Fiscal consolidation to prop up reserves
Featured

18 August 2017
Author   CHAMWE KAIRA
The country’s foreign reserves will in the long term be sustained by Government’s current fiscal consolidation efforts, central bank Deputy Governor, Ebson Uanguta, said this week.
Figures released by the Bank of Namibia this week showed that international reserves stood at N$32,7 billion at the end of July, which represents 5.5 months of import cover.
The increase in the reserves was attributed to the repatriation of funds by financial institutions from South Africa to the tune of N$2 billion aided by inflows from the N$3 billion African Development Bank (AfDB) loan as well as repayments by the National Bank of Angola. 
“The fiscal consolidation path, which is being followed by Government, clearly has some positive effect on the reserves,” Uanguta said when asked what will happen to the level of reserves once the current inflows are spent.
“There are still four repayments left, which are in equal proportion of US$51 million. The next payments will be on 26 of September, 26 of December, 26 of March 2018, 25 of June 2018.”
Rating agency Moody’s said last week that although domestic liquidity concerns have been alleviated by the loan advanced by AfDB, future liquidity pressures cannot be ruled out, if fiscal consolidation does not move ahead as planned.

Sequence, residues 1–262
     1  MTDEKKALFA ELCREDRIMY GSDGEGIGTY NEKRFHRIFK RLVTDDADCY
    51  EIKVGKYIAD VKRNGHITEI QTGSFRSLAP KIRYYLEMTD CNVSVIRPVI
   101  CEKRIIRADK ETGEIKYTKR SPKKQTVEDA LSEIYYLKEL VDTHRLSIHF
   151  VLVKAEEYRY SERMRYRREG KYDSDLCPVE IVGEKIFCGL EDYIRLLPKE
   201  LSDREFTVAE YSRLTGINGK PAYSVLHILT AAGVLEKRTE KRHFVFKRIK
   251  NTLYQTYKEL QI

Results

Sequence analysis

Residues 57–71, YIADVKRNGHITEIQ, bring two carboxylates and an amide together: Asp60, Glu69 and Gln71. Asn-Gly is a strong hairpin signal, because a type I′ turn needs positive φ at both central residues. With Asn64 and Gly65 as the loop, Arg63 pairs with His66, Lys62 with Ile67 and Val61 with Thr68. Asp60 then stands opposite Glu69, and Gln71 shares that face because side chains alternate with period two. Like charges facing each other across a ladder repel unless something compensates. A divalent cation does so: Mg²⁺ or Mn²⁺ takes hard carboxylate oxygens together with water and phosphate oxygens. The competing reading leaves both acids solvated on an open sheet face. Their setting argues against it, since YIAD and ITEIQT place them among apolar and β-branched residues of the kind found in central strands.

But Uanguta said he is confident that spending cuts will boost the level of reserves into the future.
“Namibia is a small open economy. When you spend, whatever you spend somehow has an impact on reserves because most of the goods are imported,” he said.
Meanwhile, the Bank of Namibia this week cut the repo rate by 25 basis points to 6.75 percent, citing the need to support domestic economic growth, while maintaining the one to one link between the Namibia dollar and the South African rand.
Uanguta said the cut will support the economy, as the cost of borrowing will become affordable, especially for investment purposes.
“At this point in time we do not want people to borrow for consumption. Household debt is on the high side. We are among the highest in the world, with around 85 percent as a percentage of total income,” he said.
 
 
 
 
 
 
 

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